We know that the central character and narrative arc in Haruki Murakami’s novels have always remained the same. A man or boy’s fear and fantasies starts up a cycle of events, where he gets caught up between real and spiritual world. The man would usually be abandoned or be in a passive state due to loss of desire. He would strike up sexually charged relationship with women, trying to regain some of what he has lost in life. But, it won’t be that easy because the active, intelligent and independent women act more like a medium for the man between his spiritual and real world rather than stay by his side to kindle his desires and dreams. Then, there would be numerous dichotomies: some exists in the man’s inner self, whereas the rest exists in his bizarre worlds. Urban alienation, dislocation, unnamed fears, pain of existence is some of his recurring themes. Murakami’s love for American pop culture, cats, etc would be sprinkled in his easy-to-read, lyrical prose (often translated by Jay Rubin and Philip J. Gabriel). Nevertheless, I am not pointing out these Murakami elements to say ‘I have figured out everything about Murakami’s novels’. I am pointing these out to tell how much this Japanese author is able to immerse us in his world & prose despite dealing with same characters and narrative.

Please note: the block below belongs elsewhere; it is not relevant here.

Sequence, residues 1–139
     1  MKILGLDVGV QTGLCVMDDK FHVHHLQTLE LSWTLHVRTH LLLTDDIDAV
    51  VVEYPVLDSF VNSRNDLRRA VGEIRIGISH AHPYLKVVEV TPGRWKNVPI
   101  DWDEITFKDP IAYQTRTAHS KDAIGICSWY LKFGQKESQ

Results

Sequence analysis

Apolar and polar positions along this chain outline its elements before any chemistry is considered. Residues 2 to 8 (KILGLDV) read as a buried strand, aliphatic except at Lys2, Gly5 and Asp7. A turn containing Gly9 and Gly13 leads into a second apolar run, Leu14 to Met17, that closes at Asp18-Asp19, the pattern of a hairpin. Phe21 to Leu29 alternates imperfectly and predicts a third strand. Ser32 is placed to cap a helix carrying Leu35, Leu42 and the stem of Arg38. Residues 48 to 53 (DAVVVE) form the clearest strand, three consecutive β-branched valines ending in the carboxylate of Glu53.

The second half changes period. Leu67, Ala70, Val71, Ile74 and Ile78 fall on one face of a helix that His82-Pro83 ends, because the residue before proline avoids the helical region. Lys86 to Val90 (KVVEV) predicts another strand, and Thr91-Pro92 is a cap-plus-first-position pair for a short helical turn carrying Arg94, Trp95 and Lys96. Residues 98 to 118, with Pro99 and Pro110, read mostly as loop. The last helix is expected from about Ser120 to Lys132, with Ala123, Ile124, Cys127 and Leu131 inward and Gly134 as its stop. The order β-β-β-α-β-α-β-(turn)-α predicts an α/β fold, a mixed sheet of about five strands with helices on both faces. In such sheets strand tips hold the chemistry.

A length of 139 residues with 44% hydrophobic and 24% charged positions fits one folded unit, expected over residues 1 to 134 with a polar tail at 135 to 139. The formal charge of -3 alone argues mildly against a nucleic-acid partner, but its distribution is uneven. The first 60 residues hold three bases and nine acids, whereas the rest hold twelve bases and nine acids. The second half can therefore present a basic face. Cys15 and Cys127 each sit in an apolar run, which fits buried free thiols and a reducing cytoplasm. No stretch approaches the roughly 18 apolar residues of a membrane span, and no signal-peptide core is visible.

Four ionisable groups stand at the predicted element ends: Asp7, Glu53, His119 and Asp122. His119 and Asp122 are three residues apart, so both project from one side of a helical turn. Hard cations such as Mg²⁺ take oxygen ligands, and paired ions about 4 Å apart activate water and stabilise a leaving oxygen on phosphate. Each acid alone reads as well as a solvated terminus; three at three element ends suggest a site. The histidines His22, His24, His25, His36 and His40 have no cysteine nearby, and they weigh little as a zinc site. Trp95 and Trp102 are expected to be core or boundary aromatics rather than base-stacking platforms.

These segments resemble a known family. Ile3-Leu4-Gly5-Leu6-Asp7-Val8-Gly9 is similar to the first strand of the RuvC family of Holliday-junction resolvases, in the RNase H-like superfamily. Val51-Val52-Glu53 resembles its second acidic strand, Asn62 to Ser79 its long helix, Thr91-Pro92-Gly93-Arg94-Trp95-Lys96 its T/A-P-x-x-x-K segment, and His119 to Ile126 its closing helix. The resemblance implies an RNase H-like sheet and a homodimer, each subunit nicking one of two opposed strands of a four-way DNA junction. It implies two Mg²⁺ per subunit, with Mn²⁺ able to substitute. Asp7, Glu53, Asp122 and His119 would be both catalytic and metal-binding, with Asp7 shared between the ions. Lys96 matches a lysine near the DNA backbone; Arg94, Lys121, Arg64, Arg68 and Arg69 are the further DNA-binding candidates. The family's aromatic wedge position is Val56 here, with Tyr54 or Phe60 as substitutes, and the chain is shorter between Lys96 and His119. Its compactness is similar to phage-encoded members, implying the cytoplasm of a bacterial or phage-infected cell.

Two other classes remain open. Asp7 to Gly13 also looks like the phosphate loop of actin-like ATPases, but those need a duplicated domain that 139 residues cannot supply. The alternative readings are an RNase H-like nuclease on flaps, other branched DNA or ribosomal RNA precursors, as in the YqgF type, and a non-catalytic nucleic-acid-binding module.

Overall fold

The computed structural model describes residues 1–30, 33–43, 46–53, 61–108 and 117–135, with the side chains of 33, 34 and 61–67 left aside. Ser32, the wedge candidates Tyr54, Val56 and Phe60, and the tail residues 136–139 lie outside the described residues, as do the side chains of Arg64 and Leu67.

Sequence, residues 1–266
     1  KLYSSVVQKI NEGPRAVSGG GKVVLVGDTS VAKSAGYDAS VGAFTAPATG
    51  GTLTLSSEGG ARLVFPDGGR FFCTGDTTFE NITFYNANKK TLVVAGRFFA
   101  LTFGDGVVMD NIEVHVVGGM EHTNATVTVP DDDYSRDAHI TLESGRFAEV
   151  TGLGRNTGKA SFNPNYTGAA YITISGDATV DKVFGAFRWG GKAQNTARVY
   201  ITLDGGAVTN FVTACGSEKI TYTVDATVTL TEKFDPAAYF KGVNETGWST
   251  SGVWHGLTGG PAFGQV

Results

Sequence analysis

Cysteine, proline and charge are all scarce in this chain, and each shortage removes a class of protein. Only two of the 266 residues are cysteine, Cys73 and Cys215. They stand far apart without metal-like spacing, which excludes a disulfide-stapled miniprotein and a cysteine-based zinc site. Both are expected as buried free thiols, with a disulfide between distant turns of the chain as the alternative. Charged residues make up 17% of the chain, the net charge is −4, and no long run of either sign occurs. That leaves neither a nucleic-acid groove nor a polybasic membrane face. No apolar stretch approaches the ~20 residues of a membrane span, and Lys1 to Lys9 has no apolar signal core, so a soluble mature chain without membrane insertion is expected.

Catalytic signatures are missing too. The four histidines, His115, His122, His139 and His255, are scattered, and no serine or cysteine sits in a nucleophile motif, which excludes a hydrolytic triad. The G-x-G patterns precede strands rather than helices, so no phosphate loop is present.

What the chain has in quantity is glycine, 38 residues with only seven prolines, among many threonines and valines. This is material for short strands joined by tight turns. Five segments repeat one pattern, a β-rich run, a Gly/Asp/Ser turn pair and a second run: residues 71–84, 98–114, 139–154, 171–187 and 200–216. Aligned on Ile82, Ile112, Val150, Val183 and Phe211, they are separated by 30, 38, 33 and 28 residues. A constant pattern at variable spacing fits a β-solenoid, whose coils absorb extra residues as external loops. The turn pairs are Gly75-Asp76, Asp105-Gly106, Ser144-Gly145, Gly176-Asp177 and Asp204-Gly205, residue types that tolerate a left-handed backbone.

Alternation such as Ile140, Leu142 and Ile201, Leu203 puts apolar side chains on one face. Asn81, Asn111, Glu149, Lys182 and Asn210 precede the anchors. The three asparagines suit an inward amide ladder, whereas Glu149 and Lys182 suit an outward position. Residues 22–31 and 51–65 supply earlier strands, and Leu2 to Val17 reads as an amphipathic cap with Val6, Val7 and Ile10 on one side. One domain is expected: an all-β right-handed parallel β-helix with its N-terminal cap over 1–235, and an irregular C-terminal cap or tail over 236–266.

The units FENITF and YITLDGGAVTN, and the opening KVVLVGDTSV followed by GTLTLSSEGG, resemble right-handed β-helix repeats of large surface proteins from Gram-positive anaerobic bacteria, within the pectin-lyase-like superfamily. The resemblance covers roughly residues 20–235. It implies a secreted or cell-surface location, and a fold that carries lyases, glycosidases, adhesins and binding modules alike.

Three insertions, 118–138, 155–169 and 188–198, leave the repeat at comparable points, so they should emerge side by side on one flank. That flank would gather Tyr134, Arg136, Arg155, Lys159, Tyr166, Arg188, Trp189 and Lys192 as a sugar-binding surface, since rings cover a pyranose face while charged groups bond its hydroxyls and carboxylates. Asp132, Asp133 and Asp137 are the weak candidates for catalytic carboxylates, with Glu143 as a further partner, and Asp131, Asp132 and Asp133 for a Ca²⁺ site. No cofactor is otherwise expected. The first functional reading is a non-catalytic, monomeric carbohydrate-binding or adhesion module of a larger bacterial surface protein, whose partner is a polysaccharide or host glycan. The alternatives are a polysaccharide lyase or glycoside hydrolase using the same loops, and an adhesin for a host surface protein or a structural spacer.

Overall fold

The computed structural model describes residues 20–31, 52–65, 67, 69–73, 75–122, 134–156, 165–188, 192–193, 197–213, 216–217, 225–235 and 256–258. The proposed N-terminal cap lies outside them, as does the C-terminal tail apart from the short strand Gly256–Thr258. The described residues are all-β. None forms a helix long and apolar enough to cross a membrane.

Murakami’s books are not something you read to attain instant gratification. Although his stories depict variety of mysteries, unbelievable coincidences, nothing is resolved at the end of protagonist’s meandering experience. Part of the joy in reading Murakami’s books lies on the question of how much one relate with the loneliness, restlessness of the central character. Since I am very much able to relate with his characters’ emotions, the reading experience turns out to be the most emotionally cathartic one. “The Wind-Up Bird Chronicle” is one of his most layered and complex work. It is the kind of novel where you can take up a particular perspective and derive ample meaning to say ‘this is exactly what this novel is about’. Then, few months or years later you can read it again, taking up a entirely a different perspective from the first time and still come up with new meaning to say ‘this novel could be about this too’.